Wednesday, March 13, 2019

Trying out Burrows & Badgers

Burrows & Badgers is a miniatures skirmish game of anthropomorphic animal combat. Think Frostgrave crossed with Redwall. You have teams of mice, rabbits, frogs, weasels, hounds, badgers, etc. fighting each other for treasure and scenario objectives. Most actions are determined by contested rolls, with the dice you use based on your model's stat versus another models stat. For example, one figure has a Strike of d8, and rolls that die against the opponent's block stat of d6. Add in modifiers, and the highest number wins. If it's the active model, then you do damage.
The neat twist to this game is the concept of the "perfect roll"--a result of the maximum for your die roll adds seven to the total. So if you roll a 4 on a d4, you then add 7 to your total (along with any other modifiers). This means that every now and then, even one of the weaker figures has a chance to hurt a much stronger opponent. Add in weapons, actions like hiding, and magic, and you have an interesting set of rules.
Our gaming group has started using these rules, and I was able to play last week. I took five models: A rabbit leader, his second, a toad magician, and three mice warriors. Since we didn't have figures for the leader and the second, we proxied with some human minis. My in-game rationale was that the rabbit and toad were cursed by a witch and turned into humans.
The opposed rolls with their propensity for big bonuses kept the game swinging back and forth, meaning neither side could overpower the other at first. In the end, my opponent did overwhelm me, taking my leader and then one of my rank-and-file out of action. At least in this game, most of the time your figures will come back for the next scenario. And rolling for secondary objectives as part of the scenario we played gave a nice fog of war effect, as neither of us knew what the other was up to (besides trying to kill each other). In fact, in our game, both of us were able to accomplish a secondary objective--meaning both sides got experience and treasure to apply to the next game.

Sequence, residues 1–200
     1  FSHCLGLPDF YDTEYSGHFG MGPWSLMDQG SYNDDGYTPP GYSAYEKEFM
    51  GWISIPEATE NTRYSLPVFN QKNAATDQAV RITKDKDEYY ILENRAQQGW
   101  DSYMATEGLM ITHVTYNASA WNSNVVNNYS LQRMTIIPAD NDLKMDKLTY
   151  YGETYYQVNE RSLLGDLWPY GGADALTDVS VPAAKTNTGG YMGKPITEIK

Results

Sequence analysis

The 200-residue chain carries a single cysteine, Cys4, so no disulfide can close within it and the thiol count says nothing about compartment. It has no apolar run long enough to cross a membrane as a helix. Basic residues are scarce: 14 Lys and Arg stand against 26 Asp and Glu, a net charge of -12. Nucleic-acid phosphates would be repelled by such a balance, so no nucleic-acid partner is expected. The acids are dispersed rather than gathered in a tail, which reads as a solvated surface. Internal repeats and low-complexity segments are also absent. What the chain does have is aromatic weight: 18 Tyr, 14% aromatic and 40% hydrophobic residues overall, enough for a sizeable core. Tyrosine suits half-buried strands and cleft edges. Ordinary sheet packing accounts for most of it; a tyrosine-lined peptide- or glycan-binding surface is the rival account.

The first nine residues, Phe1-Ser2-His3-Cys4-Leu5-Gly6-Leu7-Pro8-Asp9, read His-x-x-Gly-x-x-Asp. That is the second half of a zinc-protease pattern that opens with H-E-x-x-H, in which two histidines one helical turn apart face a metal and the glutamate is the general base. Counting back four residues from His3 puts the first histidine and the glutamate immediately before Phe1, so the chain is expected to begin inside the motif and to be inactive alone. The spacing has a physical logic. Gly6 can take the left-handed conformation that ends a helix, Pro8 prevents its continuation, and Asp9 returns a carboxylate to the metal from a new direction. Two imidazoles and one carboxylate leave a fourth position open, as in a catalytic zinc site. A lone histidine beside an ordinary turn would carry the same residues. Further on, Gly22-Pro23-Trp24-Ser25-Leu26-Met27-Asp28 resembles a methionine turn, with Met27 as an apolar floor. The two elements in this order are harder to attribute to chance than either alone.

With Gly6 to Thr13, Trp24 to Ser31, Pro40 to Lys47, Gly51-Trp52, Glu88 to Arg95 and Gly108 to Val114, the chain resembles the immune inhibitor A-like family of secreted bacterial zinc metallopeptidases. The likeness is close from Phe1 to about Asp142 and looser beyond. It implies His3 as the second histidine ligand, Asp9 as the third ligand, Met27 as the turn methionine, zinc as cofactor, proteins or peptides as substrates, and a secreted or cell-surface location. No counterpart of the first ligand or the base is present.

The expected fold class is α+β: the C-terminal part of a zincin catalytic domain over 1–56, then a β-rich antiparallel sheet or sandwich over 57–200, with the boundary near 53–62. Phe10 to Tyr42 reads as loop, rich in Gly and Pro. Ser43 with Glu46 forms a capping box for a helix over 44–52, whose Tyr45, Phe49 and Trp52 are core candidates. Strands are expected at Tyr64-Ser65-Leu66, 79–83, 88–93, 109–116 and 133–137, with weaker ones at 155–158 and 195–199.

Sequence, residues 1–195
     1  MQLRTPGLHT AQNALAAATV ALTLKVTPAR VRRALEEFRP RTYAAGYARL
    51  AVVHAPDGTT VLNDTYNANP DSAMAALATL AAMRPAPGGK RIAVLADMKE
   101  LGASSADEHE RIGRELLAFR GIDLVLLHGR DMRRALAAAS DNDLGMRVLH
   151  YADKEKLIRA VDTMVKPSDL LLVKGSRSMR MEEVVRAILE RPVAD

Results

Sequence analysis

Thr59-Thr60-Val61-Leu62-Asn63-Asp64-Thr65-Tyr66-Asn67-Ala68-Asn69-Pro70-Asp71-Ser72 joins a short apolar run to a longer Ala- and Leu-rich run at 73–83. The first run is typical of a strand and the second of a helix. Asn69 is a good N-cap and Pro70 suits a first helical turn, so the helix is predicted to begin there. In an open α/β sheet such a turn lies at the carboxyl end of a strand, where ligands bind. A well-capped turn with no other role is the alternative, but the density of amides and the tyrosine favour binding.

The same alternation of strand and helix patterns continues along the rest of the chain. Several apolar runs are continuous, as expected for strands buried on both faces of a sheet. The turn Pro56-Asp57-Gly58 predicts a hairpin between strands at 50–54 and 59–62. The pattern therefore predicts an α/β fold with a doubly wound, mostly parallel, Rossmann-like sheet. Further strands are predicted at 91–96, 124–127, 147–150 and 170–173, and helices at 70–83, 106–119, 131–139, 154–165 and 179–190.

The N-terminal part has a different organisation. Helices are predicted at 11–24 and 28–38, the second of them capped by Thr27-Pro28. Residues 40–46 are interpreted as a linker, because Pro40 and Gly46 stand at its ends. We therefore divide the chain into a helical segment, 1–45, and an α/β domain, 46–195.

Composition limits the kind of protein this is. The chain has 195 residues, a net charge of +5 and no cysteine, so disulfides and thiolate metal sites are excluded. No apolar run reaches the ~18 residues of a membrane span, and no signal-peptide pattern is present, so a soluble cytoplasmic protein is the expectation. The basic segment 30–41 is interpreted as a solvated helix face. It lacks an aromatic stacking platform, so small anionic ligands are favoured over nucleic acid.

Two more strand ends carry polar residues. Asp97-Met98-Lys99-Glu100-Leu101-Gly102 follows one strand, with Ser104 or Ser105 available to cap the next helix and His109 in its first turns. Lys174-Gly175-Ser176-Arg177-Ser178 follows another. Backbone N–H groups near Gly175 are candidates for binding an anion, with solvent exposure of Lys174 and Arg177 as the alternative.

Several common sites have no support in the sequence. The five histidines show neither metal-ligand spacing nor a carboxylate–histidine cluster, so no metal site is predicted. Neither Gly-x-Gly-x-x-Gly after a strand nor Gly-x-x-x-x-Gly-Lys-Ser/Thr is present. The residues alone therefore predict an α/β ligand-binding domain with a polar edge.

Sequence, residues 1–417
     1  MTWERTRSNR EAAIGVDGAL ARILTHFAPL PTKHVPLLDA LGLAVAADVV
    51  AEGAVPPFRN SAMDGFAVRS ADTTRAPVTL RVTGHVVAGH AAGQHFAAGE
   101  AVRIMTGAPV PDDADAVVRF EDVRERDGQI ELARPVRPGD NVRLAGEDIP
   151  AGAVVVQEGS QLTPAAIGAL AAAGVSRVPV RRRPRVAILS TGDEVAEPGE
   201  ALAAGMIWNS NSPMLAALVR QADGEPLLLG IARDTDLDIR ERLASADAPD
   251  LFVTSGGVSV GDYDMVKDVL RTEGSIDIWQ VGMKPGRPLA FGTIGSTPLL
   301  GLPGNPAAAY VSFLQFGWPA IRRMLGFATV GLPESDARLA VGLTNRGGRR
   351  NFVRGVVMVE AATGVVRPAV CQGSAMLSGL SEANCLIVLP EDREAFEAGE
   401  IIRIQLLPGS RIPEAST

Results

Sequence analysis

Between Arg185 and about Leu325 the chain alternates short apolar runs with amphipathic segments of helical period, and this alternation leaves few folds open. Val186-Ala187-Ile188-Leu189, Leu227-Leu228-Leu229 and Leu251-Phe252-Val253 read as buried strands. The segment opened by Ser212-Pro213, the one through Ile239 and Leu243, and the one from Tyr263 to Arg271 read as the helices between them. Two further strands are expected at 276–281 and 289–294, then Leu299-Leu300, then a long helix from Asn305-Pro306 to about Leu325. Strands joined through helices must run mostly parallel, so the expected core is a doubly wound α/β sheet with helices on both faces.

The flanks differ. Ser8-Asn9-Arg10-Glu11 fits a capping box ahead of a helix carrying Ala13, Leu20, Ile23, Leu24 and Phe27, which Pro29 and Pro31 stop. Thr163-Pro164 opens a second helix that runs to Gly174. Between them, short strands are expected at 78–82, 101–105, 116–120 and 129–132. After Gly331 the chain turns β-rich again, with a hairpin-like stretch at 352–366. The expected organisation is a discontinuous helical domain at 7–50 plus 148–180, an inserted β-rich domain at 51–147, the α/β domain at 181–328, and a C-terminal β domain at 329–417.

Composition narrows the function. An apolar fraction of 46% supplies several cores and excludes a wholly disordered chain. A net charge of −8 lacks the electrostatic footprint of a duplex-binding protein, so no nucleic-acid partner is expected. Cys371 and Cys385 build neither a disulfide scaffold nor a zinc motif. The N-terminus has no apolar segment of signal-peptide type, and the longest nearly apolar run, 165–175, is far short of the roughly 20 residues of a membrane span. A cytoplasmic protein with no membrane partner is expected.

And that's another great thing about the rules: the campaign system. You have a chance after the battle to roll for injuries for figures that were knocked out of action and then see what kind of side adventures each of your figures gets into before the next fight. There's a chance to buy new equipment and magic, and for characters to gain additional skills or stat increases. It was a fun time, and we're playing it again.

3 comments:

Wouter Wolput said...

Great to hear this game will be featuring on your blog. It's a game which is still in my top 3 list of favourite games; it feels a lot like Mordheim but different.

Desert Scribe said...

Thanks. It's a neat little game, and the post-battle developments are interesting and keep us engaged in the campaign.

Gonsalvo said...

Sounds like fun, and the cute figures help, too!